Palliative Care


Simrat Kaur, Bhivu Atwal

Assistant Professor, Department of Medical Surgical Nursing, School of Nursing, Galgotias University,

 Greater Noida

*Corresponding Author E-mail:



Palliative care is the active holistic care of patients with advanced progressive illness and includes areas other than oncology. Apart from, managing pain and other symptoms, palliative care is aimed at delivering psychological, social and spiritual support to patients and their family to achieve the best quality of life. Development of cancer palliative care and hospices has gained momentum in the UK since the opening of the World’s first hospice in London in 1967 by Cicely Saunders and colleagues. Today, palliative care and end-of life care are growing areas of research worldwide.


KEYWORDS: Hospice, holistic.




Palliative care is an approach that improves the quality of life of patients and their families facing the problem associated with life-threatening illness, through the prevention and relief of suffering by means of early identification and impeccable assessment and treatment of pain and other problems, physical, psychosocial and spiritual. Palliative care is an interdisciplinary approach to specialized medical and nursing care for people with chronic conditions. It focuses on providing relief from the symptoms, painphysical stress, and mental stress at any stage of illness. The goal is to improve quality of life for both the person and their family. Evidence as of 2016 supports palliative care's efficacy in the improvement of a patient's quality of life.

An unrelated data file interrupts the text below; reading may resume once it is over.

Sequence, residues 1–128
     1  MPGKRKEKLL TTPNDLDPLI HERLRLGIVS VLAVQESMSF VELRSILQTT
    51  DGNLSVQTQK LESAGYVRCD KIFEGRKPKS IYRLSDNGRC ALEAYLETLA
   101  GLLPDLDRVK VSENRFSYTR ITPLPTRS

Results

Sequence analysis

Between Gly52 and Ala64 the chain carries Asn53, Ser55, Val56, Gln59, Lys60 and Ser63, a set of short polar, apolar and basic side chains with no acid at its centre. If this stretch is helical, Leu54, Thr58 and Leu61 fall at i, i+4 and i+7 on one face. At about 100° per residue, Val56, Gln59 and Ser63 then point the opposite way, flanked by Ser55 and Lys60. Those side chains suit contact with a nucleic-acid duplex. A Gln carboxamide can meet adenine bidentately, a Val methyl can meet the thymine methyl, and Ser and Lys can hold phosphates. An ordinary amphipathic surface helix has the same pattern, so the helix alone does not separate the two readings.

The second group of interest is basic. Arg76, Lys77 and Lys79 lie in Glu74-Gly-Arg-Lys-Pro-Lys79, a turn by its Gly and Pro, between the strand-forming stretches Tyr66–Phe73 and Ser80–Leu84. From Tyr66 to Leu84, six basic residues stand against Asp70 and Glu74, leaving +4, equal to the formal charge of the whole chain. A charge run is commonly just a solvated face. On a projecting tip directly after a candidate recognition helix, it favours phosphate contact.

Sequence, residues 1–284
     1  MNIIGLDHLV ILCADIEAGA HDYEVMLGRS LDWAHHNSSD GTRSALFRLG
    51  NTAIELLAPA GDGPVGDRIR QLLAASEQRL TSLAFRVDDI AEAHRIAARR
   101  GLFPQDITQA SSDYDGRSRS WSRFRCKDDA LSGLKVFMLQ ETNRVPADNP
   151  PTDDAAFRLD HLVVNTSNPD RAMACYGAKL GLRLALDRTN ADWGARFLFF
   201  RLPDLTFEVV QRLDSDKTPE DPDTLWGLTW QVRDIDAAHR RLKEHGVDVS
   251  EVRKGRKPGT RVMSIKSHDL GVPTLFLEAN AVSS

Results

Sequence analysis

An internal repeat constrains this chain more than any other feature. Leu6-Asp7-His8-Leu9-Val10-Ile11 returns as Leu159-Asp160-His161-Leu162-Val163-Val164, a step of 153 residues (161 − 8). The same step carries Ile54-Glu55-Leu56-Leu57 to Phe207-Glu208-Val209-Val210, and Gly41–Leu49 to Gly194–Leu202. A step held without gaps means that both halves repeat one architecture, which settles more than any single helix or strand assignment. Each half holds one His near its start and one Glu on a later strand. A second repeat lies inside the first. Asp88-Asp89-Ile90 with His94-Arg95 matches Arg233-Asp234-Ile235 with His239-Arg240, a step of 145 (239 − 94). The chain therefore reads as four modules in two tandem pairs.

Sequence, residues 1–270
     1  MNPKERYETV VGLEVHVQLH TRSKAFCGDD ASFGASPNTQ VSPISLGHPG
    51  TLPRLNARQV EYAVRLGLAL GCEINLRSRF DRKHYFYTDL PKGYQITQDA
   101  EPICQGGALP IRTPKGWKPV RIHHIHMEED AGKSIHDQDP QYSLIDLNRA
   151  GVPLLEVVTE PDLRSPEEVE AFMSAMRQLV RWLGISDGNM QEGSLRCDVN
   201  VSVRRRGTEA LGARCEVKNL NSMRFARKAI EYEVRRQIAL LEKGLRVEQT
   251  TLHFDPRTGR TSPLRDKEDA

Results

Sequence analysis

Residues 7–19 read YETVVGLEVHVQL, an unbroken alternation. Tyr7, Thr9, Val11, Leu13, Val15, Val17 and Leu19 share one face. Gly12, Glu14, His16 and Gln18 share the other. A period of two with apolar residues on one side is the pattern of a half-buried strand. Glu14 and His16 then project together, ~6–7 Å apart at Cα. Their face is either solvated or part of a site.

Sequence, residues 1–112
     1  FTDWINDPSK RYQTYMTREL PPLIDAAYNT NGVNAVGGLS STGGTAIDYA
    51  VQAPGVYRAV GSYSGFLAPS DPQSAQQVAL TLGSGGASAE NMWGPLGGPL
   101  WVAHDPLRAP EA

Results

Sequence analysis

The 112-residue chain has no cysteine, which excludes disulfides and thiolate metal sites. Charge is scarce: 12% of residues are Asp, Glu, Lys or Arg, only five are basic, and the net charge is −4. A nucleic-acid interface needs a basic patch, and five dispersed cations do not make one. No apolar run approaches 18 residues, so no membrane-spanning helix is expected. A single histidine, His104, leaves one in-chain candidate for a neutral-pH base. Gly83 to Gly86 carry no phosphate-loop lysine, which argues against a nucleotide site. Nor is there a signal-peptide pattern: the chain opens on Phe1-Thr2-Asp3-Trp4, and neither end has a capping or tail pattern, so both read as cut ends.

·       Provides relief from pain and other distressing symptoms;

·       Affirms life and regards dying as a normal process;

·       Intends neither to hasten or postpone death;

·       Integrates the psychological and spiritual aspects of patient care;

·       Offers a support system to help patients live as actively as possible until death;

·       Offers a support system to help the family cope during the patients illness and in their own bereavement;

·       Uses a team approach to address the needs of patients and their families, including bereavement counselling, if indicated;

·       Will enhance quality of life, and may also positively influence the course of illness;

·       Is applicable early in the course of illness, in conjunction with other therapies that are intended to prolong life, such as chemotherapy or radiation therapy, and includes those investigations needed to better understand and manage distressing clinical complications.



In 1974, Dr. Balfour Mount, a surgical oncologist at The Royal Victoria Hospital of McGill University in Montreal, Canada, coined the term palliative care to avoid the negative connotations of the word hospice in French culture, and introduced Dr. Saunders’ innovations into academic teaching hospitals. He first demonstrated what it meant to provide holistic care for people with chronic or life-limiting diseases and their families who were experiencing physical, psychological, social, or spiritual distress.



Palliative care can seem like a scary process, but essentially it’s a support system to help a patient and their loved ones cope.


The Principles of Palliative Care: